Paul Bartel was born in 1938 in New York City. By age 11, animation had captured his imagination and in 1951 he spent a summer
working as an assistant at New York's UPA animation studios. Following high school, he studied theater, film, and romantic
languages at UCLA. Upon graduating in 1960, he received a Fulbright Scholarship to study film in Italy at Centro Sperimental
di Cinematografica in Rome's Cinecitta Studios, where fellow filmmakers included Bernardo Bertolucci and Marco Bellochio.
Bartel's graduation project, the 1962 semi-documentary short film PROGETTI was presented at the 1962 Venice Film Festival.
When Bartel completed his studies in Italy and returned to New York City in the mid-1960s, he found himself positioned to
join an explosion of cinematic creativity known as the New York underground, where filmmakers such as Andy Warhol, George
Kuchar, and Curtis Harrington were creating avant-garde cinema. During this time Bartel initially worked in the United States
Army Signal Corps Pictorial Center, first as a script clerk and then as an assistant director on training films and documentaries.
He also wrote and directed the theatrical short THE SECRET CINEMA (1968) and the follow-up short NAUGHTY NURSE (1969). Both
films were seen by Gene Corman, who hired Bartel to direct a low-budget horror feature called PRIVATE PARTS (1972). Roger
Corman, Gene's brother, next hired him as second unit director on BIG BAD MAMA (1974) and then as director on DEATH RACE 2000
(1975). He then wrote and directed CANNONBALL (1976), which included cameo appearances by Sylvester Stallone and Martin Scorsese.
In 1982 he wrote, directed, and starred in the black comedy EATING RAOUL which garnered critical and commercial success and
was chosen for the Cannes Film Festival and the New York Film Festival. Each of these early films became a cult classic and
subsequently solidified his reputation as an accomplished B-movie filmmaker. After the success of EATING RAOUL he continued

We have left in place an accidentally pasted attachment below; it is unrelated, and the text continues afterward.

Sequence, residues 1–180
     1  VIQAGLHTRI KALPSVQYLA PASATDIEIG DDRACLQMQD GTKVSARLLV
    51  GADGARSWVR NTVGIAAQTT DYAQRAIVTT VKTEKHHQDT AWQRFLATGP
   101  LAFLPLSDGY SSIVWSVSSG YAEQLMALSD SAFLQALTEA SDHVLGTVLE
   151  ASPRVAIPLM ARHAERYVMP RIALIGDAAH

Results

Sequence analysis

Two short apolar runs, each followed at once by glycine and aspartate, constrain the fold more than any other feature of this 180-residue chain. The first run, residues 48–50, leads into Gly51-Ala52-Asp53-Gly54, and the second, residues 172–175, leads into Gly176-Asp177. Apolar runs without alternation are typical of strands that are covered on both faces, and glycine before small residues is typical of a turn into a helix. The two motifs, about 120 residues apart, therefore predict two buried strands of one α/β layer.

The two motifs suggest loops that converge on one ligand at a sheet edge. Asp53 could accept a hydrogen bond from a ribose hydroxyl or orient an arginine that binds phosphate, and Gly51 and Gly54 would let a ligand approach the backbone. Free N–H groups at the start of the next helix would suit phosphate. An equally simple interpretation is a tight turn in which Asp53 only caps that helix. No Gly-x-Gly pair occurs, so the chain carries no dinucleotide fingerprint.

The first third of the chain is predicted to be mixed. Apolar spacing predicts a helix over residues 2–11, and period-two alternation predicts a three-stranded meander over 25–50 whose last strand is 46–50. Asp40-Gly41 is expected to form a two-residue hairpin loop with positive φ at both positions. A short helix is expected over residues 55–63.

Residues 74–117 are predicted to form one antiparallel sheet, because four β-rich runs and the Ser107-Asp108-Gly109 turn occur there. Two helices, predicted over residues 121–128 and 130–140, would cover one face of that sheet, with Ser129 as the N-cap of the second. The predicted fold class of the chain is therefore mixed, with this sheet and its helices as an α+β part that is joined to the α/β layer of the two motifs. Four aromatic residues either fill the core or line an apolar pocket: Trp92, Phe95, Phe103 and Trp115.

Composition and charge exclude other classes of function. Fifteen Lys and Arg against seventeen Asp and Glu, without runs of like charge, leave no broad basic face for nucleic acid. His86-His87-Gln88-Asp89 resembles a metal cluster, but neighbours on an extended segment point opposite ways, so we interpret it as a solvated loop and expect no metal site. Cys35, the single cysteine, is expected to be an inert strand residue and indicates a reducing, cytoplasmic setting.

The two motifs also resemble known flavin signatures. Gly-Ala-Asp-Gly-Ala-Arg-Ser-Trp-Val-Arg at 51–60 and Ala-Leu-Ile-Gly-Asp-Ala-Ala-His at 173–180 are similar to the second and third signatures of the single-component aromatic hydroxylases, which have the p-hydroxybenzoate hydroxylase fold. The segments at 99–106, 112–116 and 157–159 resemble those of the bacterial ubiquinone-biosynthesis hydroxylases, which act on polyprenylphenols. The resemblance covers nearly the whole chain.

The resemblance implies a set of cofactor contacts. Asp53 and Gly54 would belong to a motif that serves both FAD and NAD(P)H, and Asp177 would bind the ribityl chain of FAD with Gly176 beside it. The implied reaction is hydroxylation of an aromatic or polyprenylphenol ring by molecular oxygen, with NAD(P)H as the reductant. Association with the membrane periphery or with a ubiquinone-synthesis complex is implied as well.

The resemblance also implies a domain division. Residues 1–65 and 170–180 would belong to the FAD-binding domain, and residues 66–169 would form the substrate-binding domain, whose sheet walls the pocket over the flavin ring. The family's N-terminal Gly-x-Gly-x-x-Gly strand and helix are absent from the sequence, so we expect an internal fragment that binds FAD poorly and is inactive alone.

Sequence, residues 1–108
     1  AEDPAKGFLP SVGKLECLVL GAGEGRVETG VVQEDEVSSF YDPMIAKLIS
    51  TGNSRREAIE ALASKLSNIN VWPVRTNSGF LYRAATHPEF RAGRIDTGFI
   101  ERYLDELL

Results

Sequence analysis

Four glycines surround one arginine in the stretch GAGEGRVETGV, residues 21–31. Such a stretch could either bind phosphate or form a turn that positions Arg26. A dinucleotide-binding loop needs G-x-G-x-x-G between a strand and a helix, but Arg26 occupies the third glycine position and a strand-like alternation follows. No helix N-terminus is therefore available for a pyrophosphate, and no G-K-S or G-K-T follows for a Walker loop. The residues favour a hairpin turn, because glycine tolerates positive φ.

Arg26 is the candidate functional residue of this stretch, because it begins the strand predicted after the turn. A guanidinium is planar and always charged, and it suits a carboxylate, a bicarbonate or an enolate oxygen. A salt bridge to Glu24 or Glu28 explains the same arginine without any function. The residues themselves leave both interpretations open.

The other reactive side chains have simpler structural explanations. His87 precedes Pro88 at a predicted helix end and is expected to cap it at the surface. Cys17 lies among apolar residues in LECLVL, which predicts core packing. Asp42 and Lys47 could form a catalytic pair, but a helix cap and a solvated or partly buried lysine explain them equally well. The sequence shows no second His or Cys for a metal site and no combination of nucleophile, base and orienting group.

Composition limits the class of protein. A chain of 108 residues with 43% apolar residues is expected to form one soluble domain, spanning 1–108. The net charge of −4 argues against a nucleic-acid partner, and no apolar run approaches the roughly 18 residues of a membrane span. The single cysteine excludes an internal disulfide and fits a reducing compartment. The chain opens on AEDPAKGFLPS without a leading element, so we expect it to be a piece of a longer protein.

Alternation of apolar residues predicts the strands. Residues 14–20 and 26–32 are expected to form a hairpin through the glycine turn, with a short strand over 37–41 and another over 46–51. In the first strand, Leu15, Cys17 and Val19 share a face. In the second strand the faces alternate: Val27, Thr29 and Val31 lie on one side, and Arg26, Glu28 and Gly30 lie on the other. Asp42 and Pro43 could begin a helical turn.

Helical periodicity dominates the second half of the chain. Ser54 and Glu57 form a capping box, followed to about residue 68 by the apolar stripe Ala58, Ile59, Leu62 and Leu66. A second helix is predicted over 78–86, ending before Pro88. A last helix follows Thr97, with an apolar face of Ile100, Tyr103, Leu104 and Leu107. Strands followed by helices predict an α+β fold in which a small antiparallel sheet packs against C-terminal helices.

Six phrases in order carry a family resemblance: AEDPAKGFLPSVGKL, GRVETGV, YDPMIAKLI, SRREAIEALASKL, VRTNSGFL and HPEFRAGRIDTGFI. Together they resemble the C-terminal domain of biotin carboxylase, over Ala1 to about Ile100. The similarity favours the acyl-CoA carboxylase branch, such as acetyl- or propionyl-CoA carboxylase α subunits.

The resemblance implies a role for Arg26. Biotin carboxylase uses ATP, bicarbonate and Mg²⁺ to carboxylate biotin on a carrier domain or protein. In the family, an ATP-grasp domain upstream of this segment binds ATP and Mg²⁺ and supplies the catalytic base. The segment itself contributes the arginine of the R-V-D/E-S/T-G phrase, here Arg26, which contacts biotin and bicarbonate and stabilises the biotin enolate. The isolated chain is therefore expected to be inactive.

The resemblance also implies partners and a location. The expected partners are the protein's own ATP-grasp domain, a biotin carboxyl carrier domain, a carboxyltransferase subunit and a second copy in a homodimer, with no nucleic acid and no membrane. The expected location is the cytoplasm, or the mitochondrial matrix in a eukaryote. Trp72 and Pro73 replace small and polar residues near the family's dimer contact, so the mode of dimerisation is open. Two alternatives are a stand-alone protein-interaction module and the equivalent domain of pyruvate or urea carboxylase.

directing through the 1980s. Notable efforts from this time period include his satirical western comedy LUST IN THE DUST (1985)
and the sexually explicit comedy SCENES FROM THE CLASS STRUGGLE IN BEVERLY HILLS (1989). He directed his last film SHELF LIFE
in 1993. Bartel may best be remembered as a director, but he also worked as an actor in small, memorable roles. His acting
debut came in Brian De Palma's HI MOM! (1970). He also appeared in Allan Arkush's cult classic ROCK AND ROLL HIGH SCHOOL
(1979), Sam Fuller's controversial WHITE DOG (1982), Jonathan Demme's drama HEART LIKE A WHEEL (1983), Tim Burton's comedy
short FRANKENWEENIE (1984), and Bryan Singer's crime drama THE USUAL SUSPECTS (1996). He also appeared in numerous television
programs such as the miniseries MORE TALES OF THE CITY (1998). He continued to appear on screen until his death in 2000. Like
contemporary filmmakers Jonathan Demme, Brian De Palma, and Martin Scorsese, Bartel broke into features by way of exploitation
films, but unlike traditional cinema in this genre, his films were distinguished by their original voice and black humor.
As a "visual satirist" he directed a range of violent, sophisticated, and controversial films defined by subject matter rather
than style. Although he primarily worked with low budgets in disreputable genres, his work pushed the limits of convention
and challenged mainstream cinema's formulaic standards. Collectively, his films provide a greater commentary on society at
large, such as EATING RAOUL reaction to counterculture, and using gluttony as a metaphor for American consumerism in SCENES
FROM THE CLASS STRUGGLE IN BEVERLY HILLS. His legacy as an independent and cult filmmaker remains a significant influence
in underground cinema.
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